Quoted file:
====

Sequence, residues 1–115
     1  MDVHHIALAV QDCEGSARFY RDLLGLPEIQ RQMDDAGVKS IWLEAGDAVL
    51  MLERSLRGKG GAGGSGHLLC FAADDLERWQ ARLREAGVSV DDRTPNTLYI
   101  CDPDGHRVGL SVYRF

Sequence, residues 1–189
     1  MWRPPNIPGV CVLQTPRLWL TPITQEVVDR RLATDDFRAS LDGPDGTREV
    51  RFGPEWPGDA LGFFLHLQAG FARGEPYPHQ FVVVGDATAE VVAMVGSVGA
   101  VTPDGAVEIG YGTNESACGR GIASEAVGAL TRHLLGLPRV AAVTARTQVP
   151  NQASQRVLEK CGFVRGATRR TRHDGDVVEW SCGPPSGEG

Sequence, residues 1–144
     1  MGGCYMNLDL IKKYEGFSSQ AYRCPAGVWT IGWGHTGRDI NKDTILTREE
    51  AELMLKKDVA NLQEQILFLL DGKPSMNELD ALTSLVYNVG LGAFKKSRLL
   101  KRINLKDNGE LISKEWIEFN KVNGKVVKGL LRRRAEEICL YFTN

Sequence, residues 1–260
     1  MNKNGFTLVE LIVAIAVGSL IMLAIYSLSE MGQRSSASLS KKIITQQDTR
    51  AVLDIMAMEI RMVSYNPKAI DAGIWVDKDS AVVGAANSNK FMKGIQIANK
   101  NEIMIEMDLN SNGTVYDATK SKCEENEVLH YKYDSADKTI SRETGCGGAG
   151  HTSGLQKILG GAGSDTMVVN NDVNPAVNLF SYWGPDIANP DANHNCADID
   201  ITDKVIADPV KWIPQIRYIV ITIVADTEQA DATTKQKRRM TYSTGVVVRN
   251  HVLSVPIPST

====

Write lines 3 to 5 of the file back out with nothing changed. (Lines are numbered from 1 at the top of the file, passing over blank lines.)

    51  MLERSLRGKG GAGGSGHLLC FAADDLERWQ ARLREAGVSV DDRTPNTLYI
   101  CDPDGHRVGL SVYRF

Sequence, residues 1–189